The Baltimore City Council advanced four bills on Monday intended to improve accountability and transparency.
Councilman Bill Henry introduced three bills, two of which begin the process of amending the city charter.
One would reduce the size of the Council. Another would give subpoena power to the city auditor. The third asks the state to allow the city to introduce open primaries or ranked-choice voting.
Henry wants to reduce the legislative body to six single-member districts, with three at-large representatives.
“In a smaller City Council, each member is harder to marginalize,” Henry said.
In the past when the body was made up of six three-member districts, every resident had three representatives, plus the Council president. When the city moved to 14 single-member districts, Henry said, “we cut the number of people you can call for help in half,” the Council member and the Council president.
Residents in the proposed rearrangement would have four people to call for help. Henry is seeking to have two seats elected at large: a vice president and the Council’s representative to the Planning Commission. Currently, the Council president is the only member elected citywide.
Henry, who is running for comptroller against six-term incumbent Joan M. Pratt, says sunlight is the best disinfectant. He said an auditor with subpoena power would make the city more transparent. If elected, he would be the auditor’s boss.
“We do not have the culture of compliance that some other places have,” Henry said.
Opening up the Primary
In support of ranked-choice voting or open primaries, Henry used the example of the crowded mayoral race, which features 25 Democratic candidates.
“There is a good chance that someone will win that race with less than 30% of the vote,” he said. With open primary elections, all voters would be able to participate because the primaries wouldn’t be partisan.
“Under these circumstances, we could find ourselves in a city of well over half a million being governed by people who were the first choice of only a few thousand residents – a profoundly anti-democratic result,” the first draft of the resolution reads.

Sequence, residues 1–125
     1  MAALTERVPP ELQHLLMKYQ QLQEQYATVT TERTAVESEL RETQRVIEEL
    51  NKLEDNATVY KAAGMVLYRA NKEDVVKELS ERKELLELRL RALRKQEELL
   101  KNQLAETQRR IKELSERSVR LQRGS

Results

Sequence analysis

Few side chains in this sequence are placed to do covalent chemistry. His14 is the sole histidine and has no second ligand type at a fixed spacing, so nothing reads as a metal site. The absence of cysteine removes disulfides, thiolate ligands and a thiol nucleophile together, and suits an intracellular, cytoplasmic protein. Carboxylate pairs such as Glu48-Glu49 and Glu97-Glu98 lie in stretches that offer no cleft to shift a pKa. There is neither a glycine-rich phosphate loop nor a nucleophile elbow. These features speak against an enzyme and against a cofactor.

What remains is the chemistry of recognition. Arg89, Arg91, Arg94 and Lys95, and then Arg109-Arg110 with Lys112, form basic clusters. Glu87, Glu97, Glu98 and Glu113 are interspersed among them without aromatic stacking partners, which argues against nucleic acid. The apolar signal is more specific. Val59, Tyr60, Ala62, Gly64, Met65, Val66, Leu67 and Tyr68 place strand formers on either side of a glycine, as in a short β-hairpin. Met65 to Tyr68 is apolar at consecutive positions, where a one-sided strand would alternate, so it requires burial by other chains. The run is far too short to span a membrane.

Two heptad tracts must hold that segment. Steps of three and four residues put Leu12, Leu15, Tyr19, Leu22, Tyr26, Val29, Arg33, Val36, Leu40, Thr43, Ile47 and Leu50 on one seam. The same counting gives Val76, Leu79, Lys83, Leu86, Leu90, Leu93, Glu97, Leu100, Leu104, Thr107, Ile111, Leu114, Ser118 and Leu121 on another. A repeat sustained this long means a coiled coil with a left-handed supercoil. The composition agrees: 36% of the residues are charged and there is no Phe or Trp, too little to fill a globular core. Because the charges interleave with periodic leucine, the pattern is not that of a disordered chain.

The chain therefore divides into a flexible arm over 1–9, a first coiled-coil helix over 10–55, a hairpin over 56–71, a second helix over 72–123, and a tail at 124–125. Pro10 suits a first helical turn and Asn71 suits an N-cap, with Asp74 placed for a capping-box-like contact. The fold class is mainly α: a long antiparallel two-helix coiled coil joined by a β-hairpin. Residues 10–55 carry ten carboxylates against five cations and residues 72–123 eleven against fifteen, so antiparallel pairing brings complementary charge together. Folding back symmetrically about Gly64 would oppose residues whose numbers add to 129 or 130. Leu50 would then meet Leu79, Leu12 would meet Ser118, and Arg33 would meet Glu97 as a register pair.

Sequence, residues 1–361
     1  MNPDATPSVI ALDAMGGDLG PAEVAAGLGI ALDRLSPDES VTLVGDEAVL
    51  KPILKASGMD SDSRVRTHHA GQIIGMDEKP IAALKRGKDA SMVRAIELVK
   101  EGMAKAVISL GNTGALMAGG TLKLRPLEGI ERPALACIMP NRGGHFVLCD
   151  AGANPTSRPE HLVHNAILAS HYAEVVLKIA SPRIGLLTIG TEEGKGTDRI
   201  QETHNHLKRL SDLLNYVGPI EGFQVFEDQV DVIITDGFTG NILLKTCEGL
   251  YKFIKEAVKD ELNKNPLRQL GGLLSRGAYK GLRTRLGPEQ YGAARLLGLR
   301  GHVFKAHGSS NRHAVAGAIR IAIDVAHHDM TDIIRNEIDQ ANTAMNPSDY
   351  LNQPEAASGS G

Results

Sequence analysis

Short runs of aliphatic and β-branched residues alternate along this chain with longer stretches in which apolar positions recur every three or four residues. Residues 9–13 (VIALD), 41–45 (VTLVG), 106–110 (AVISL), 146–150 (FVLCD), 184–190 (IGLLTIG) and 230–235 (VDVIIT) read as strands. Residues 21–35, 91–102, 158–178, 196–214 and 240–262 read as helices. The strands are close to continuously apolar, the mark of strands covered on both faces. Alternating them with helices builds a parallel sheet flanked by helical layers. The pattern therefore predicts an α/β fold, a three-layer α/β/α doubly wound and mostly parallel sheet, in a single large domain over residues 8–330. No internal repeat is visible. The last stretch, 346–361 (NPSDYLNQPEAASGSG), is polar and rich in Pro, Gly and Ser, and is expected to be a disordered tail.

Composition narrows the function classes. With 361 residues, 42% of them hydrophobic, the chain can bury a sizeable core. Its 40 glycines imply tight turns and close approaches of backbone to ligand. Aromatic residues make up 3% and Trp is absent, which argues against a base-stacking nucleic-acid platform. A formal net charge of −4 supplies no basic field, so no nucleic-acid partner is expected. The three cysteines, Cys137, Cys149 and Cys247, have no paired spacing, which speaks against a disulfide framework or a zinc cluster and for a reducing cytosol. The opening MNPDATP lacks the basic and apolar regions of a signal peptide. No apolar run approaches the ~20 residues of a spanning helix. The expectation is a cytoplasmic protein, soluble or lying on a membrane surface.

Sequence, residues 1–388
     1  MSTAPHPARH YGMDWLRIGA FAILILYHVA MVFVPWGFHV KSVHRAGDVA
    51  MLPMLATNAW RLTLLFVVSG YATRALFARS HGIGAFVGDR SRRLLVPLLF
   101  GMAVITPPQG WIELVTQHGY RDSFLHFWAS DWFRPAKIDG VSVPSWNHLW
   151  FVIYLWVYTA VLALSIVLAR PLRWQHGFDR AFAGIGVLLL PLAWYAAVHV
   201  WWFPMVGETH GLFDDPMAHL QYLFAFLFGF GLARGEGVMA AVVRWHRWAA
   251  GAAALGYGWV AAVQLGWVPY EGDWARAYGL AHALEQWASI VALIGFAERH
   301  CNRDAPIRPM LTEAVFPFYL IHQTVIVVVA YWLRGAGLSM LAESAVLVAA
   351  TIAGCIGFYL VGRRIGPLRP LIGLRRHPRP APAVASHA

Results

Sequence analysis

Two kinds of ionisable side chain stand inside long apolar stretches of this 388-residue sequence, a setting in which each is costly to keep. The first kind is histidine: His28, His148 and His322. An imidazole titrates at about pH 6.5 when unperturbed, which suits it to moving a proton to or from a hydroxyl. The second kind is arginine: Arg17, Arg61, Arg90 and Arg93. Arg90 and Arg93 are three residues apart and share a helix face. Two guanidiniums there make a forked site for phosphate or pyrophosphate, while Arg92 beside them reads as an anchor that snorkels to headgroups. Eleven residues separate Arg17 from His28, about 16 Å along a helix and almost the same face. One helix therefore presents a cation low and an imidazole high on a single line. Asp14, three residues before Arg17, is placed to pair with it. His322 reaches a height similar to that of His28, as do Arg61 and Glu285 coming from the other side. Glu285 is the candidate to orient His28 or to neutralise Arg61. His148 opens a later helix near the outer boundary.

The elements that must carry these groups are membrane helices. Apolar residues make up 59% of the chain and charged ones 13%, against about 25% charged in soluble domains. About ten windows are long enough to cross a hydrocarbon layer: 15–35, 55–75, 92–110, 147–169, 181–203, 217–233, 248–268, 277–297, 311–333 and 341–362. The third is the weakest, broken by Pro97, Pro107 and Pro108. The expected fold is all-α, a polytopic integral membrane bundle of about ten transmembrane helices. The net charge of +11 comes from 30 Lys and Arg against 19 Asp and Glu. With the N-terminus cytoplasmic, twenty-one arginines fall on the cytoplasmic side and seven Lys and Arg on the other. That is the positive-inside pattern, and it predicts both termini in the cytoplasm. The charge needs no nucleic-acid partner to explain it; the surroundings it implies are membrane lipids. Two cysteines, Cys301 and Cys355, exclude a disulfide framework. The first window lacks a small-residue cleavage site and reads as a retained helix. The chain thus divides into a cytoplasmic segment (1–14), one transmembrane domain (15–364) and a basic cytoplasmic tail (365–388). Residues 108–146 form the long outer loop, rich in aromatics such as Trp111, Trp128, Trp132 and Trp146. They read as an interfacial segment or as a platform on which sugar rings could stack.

The ranked choice system is credited with improving consensus among voters. It rewards candidates who are voters’ second or third choices over more divisive candidates with enthusiastic bases and strong opposition.
Empowering the Ethics Board
Meanwhile, a bill sponsored by Councilman Ryan Dorsey, which would put the inspector general in charge of the city’s ethics board, passed second reader, practically insuring that it will be sent to the mayor for his signature.
The bill requires the inspector general’s office to provide staff to the ethics board. Currently, the city does not spend any money on ethics enforcement. Supporting the bill, Inspector General Isabel Mercedes Cumming has requested funding for two staffers and other expenses.
The ethics board is now managed by the Department of Legislative Reference. Without a budget for ethics enforcement, Legislative Reference employees take time away from their primary responsibilities to assist the five-member board.
“This model is ineffective and reactive,” Cumming wrote to the Council.
The ethics board strongly supports the bill, according to Deputy Ethics Counsel Anthony DeFranco, noting that the missions of the OIG and the ethics board “often overlap in that both organizations exist to ensure honesty and transparency in city government and accountability to the citizens of Baltimore.”
Other Council Happenings
Dorsey’s bill ending the prohibition on playing in the street was recommended favorably with amendments out of the transportation committee. Dorsey said kids don’t need a law as a deterrent; they know when the street is unsafe.
“I would have to believe that it is their knowledge that it is illegal” that keeps them out of the street, he said. There are abundant ways to keep children safe “without criminalizing the simple act of play.”
Councilwoman Mary Pat Clarke introduced a bill banning the use – but not the sale – of certain pesticides. The bill bans two pesticides anywhere in the city (glyphosate and chlorpyrifos) and one only on city-owned property (neonicotinoid).
The clerk had trouble pronouncing the names of the chemicals, leading Clarke to say, “I’ve worked hard on this bill, and I’ve worked even harder on the pronunciation. Thank you, Mr. Announcer, for your brave efforts.”
Mayor Bernard C. “Jack” Young on Sunday signed the Elijah Cummings Healing Cities Act, sponsored by Councilman Zeke Cohen, which requires the city to train employees on trauma-responsive and -informed care and service.
The bill-signing ceremony took place a year and a day after a shooting at Frederick Douglass High School, which prompted students to demand a school environment that wouldn’t re-traumatize them.
Cohen’s mother is a clinical social worker and professor; his wife and father are psychiatrists. “Definitely a lens toward mental health in my family informed my work and this bill,” Cohen told The Brew, although he stressed the students’ activism.
The Council’s Health Committee, chaired by Kristerfer Burnett, will hold a hearing on opioids tomorrow at 5 p.m.